Traditions help make us who we are

51af975c061ae_imageBy Lisa Sugarman

When you think about it, I’ll bet every one of us has some kind of tradition we look forward to. Those quirky or unique or sentimental things we anticipate every year, or at certain points in our lives.

Things like celebrating the New Year with a Polar Plunge or having a Super Bowl commercials party or running the bulls in Pamplona—although that’s more of a reach goal for me than a tradition at this point. But not for long.

Or maybe it’s something a little more conservative, but no less odd, like watching the presidential turkey pardons on CNN. (Don’t judge, they can be incredibly emotional.) Or maybe it’s an annual tradition like making pumpkin whoopie pies for Thanksgiving or running a New Year’s Day road race wearing nothing but a red bikini and a Santa hat. (People do it.) The point is, we all have our own kooky or meaningful rituals that we get excited about. Things that we either do on our own or share with the people we love, especially our kids.

And Dave and I for sure have our own collection of traditions—special stuff we did when we were kids—that we’ve tried to weave into our life with our own girls. Everything from backyard overnights in pop tents to skiing the White Mountains every winter to running the local Thanksgiving Day road race. And whether they carry them along with them into their adult lives or not, they’re things that will always have meaning to them. They’re memories that will always be able to warm them, no matter where they are in their lives.

One of these traditions is about to make a comeback in our family, if only for one brief day. It’s a memory that I’ve carried for decades, quietly keeping my fingers crossed that my girls would someday be able to acquire their own memory of the same tradition.

Although it’s a one-off, the kind of happening that comes along once and isn’t repeated until the next generation takes their turn, it’s a tradition that’s earned a special place in my heart. It’s the one, the only, Powder Puff football game.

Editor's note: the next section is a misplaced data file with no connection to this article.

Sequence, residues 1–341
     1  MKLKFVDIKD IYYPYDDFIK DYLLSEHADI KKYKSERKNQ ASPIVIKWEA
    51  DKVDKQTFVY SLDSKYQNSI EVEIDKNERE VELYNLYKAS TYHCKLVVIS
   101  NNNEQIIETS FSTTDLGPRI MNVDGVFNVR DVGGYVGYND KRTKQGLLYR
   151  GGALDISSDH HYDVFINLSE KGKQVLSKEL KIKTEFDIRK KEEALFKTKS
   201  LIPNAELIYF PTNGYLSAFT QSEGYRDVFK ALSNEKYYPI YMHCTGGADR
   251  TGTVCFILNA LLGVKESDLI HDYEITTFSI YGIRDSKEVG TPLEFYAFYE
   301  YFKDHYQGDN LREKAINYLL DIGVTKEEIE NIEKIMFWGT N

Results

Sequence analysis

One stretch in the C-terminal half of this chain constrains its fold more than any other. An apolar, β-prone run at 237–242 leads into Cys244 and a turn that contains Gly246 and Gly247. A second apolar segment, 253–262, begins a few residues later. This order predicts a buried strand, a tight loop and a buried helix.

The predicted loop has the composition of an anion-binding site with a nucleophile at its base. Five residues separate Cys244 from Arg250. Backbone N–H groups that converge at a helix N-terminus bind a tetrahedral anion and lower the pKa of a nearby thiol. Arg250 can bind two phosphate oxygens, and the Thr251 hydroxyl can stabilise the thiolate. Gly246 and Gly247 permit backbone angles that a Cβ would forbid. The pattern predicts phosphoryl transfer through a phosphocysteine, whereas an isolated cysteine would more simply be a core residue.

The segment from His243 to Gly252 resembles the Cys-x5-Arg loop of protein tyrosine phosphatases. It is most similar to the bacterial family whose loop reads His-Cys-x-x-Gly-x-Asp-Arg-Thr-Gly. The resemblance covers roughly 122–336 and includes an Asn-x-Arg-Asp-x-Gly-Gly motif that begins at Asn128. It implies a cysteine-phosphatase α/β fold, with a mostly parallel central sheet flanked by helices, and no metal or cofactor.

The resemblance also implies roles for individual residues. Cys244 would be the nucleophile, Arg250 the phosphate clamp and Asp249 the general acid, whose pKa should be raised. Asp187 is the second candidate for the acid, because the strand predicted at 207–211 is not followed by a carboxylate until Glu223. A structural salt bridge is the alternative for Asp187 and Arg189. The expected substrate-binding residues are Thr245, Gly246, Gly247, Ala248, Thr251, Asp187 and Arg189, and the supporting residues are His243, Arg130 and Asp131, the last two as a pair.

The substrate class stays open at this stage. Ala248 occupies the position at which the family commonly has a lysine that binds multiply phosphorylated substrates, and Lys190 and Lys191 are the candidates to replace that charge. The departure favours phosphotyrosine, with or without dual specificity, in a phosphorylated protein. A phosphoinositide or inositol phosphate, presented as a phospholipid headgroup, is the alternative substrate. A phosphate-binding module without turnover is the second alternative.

And if you live in Marblehead, or right next door in Swampscott or in another small town somewhere else in the US or Canada, then you know exactly what I’m talking about and the game needs zero explanation. For those of you have no idea what I’m talking about, I’m very sorry for your loss.

What I’m talking about is the annual tradition of senior girls playing one winner-take-all touch football game against their arch rivals. A game that, regardless of whether or not you recall the final score, you remember the day with such vivid color that it’s like the memory was doctored with the chrome filter from an iPhone. That’s because the hype and the energy and the unity that we all felt throughout that one football game, could very easily match the hype of any guy’s annual Thanksgiving Day game.

See, it was the one day when it didn’t matter what clique you were in or who your friends were or what other sport you played because party lines were blurred to such a beautiful degree that all anyone saw that day was their football sister running and throwing and catching beside them. Everyone had the same goal of steamrolling the other team and doing as many end-zone dances as possible in forty minutes.

It was a day when the only thing you brought onto the field was your camaraderie. Nothing else.

And now that my senior daughter is only a week away from playing out her own game, I’ve gotta say that imagining that tradition coming full circle puts a lump in my throat the size of, well, a football. And as if the lump wasn’t big enough, imagine how much bigger it got after she asked me what my jersey number was so that she could get the same number and carry on the tradition? Yes, I bawled. It was unavoidable.

Suffice it to say, she ended up getting a different number. Good-old fifty was already taken. But that’s okay. All things being equal, I’m actually happier that she’ll run onto the field with her own number—living her version of the tradition. All that really matters to me is that she thought enough of the experience and of our relationship to even consider wearing my number at all. Proof of the raw power of traditions.

So the bottom line to all this is that whatever your traditions are, do whatever sort of work you have to do to preserve them, because at the end of the day, having them allows us to become a special part of something much larger than ourselves. And that right there is a whole lot of something.

Lisa Sugarman lives in Marblehead, Massachusetts. Read and discuss all her columns at facebook.com/ItIsWhatItIsColumn. She is also the author of LIFE: It Is What It Is available on Amazon.com.

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